I happened across the “British Pathe” channels on YouTube today, which contain 80,000 videos of the archive of British Pathe news films. A fantastic resource.
I immediately thought of our forthcoming trip to Herstmonceux, and wondered if there would be any historical archive footage of the Royal Greenwich Observatory at Herstmonceux. I found a few videos that may be of interest:
Britain’s biggest new telescope – “Sir Isaac Newton” at Herstmonceux 1967
Herstmonceux in 1963 – includes a great section on the 4-inch photo heliograph
Herstmonceux in 1957 – this is a bit of an odd one, as there is no sound and the title refers to “Sputnik II”. I assume it is unused footage, referring to Herstmonceux’s attempts to track the Soviet satellite? I think that’s the Thompson 30-inch in the video, but I’m not certain. [EDIT: CONFIRMED… This is the Thompson 30inch reflector]
There is almost certainly more stuff lurking in the archives. Can anyone else find anything that might be of interest?
Fantastic! They don’t make films, or accents, or music, or commentary like that anymore! “Terrifying terminology, these astronomers use, along with their weird apparatus and domes.”
Those who want to brush up on their history prior to the visit to Herstmonceux may wish to consult the following material. Firstly, Mike Dryland reminded me of some material which he wrote on the old website, prior to the Flamsteed’s first visit to Herstmonceux, back in 2004. See http://www.flamsteed.org/rgo.pdf . There is also a report from a talk by Rosemary Selmes who worked at Herstmonceux. See http://www.flamsteed.org/fasselmes.htm . Both links are really worth reading.
Secondly, thanks to Malcolm Porter for providing me with some other useful online material. A very interesting personal history by George Wilkins, who worked at the Royal Greenwich Observatory between 1951 and 1989 can be found here: http://www.lib.cam.ac.uk/deptserv/manuscripts/RGO_history/ . More information on the story of the Royal Greenwich Observatory at Herstmonceux can be found here: http://www.ing.iac.es/PR/int_info/history.htm .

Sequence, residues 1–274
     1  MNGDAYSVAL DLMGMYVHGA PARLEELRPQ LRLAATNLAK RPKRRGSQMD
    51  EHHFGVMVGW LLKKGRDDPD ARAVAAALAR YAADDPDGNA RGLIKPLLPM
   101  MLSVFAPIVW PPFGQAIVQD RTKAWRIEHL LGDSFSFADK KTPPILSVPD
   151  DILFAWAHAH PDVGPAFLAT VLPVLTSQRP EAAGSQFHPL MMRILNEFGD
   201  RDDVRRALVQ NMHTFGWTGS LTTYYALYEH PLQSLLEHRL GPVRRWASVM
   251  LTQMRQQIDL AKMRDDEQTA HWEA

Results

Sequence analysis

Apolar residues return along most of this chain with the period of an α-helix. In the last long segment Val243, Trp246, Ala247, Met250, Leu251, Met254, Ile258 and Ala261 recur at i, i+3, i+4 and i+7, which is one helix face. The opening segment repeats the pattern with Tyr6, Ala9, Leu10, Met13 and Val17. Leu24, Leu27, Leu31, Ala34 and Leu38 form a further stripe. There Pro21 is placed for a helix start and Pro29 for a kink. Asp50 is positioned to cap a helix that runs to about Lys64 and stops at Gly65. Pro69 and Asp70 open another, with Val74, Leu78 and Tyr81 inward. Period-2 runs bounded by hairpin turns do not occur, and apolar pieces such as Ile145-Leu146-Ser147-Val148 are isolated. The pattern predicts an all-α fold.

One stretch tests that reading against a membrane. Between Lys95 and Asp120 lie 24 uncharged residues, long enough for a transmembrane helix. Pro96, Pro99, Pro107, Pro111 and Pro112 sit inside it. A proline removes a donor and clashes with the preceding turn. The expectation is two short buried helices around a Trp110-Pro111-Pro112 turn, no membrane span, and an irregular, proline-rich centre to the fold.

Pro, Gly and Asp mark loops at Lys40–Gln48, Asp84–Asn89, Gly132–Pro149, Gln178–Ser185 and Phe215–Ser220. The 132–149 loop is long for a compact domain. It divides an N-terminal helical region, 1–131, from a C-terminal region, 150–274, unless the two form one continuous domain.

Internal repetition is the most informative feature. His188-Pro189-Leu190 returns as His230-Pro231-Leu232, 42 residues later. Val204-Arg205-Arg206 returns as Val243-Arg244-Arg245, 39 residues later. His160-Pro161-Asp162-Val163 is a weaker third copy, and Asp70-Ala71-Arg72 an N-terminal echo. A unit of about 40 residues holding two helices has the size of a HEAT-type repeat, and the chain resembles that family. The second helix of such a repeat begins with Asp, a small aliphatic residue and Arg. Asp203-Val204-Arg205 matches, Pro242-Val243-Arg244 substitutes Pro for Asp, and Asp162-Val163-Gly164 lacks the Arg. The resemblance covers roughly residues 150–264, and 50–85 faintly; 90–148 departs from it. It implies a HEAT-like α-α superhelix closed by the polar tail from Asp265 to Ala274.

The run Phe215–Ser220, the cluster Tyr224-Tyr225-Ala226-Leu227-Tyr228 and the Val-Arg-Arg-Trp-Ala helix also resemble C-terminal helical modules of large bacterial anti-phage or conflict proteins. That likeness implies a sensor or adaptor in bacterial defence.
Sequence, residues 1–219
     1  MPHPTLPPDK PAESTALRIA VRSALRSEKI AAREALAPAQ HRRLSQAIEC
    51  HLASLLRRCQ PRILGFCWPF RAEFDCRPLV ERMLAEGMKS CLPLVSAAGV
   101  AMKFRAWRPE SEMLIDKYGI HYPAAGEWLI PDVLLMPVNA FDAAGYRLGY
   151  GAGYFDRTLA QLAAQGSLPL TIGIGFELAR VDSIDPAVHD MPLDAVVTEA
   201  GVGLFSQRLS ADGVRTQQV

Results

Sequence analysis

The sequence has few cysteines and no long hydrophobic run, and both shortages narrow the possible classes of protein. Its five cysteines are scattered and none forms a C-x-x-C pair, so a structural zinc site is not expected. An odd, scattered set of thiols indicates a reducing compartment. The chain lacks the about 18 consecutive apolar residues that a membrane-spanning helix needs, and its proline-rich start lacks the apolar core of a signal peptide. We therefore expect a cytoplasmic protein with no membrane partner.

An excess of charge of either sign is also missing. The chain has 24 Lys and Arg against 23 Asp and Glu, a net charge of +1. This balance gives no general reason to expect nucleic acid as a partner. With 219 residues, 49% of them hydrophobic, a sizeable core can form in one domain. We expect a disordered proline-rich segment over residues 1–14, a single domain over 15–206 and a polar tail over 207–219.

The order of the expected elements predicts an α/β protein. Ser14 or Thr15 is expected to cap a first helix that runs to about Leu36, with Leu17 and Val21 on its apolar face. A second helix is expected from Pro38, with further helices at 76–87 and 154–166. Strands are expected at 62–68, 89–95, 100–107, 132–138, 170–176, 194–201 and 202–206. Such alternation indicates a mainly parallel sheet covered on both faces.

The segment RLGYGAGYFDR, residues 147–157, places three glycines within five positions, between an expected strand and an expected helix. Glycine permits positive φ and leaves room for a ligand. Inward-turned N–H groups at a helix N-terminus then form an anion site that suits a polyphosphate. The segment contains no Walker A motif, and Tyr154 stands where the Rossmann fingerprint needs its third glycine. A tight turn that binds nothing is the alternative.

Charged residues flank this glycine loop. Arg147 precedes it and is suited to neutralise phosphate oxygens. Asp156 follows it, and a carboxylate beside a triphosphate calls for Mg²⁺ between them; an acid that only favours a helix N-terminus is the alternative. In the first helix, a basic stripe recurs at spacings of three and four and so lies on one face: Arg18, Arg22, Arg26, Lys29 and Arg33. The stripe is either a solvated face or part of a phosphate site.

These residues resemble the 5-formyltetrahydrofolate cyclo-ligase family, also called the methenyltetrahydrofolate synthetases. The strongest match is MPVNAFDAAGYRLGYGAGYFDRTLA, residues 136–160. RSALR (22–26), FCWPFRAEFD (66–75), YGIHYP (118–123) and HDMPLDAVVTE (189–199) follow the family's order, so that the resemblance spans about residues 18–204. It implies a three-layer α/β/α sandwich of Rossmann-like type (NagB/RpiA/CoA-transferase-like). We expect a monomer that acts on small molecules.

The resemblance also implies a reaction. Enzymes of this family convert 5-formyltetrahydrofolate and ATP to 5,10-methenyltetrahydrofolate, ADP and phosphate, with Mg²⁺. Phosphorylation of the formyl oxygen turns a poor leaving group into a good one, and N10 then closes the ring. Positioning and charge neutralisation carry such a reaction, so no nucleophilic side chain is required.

I found some more British Pathe material!
Duke of Edinburgh Visits Royal Observatory (Herstmonceux) 1958. This, again, seems to be raw unedited camera footage, so there is no sound:
One other piece of footage… not from Herstmonceux, but from Greenwich, which is entitled “Observatory Museum“. Again, this is raw footage without sound, but it’s fascinating to see many of the exhibits which are still in place today (and a few, such as Airy’s Altazimuth 1847, which are not).
Thanks for sharing these videos Mike. They’re very interesting (if not a little creepy due to the lack of sound on the latter ones).
I especially enjoyed the last one filmed at Greenwich. It’s good to see how things once were. What were those scare-crow-esque mannequin-type figures used for? Any ideas? They first appear @ 0.24.
Also amused by the chap ‘straightening up’ the quadrants that are fixed to the walls.
What were those scare-crow-esque mannequin-type figures used for?
These mannequins seriously creeped me out when I saw them… especially when our “guide” (who I believe is Sidney Parker… at least that’s who is named on the film) leans over the mannequin about 30 seconds in…. and then he moves the head into position!! I think I shouted “WHAT THE HELL’S THAT!!!” when I first saw it. Thank God they’ve now disappeared from the museum… though I suspect some may be lurking in the Kidbrooke storage facility (eeeek… an even scarier thought!).
They were clearly meant to represent the astronomers who used to work at Greenwich in a bygone age. I suspect they were removed when children ran screaming from the galleries shouting “there’s a man with no face lying down in there!!”
I need a lie down myself now.
Hahaha! Thanks for the clarification. They are seriously creepy – the stuff of nightmares! I think that I’d run out screaming if I ever encountered one of those… *shudder* And to think that they may still exist somewhere…
They are automatons and guns cannot kill them. We need Dr Who.
Not even Dr Who would venture to Kidbrooke 😉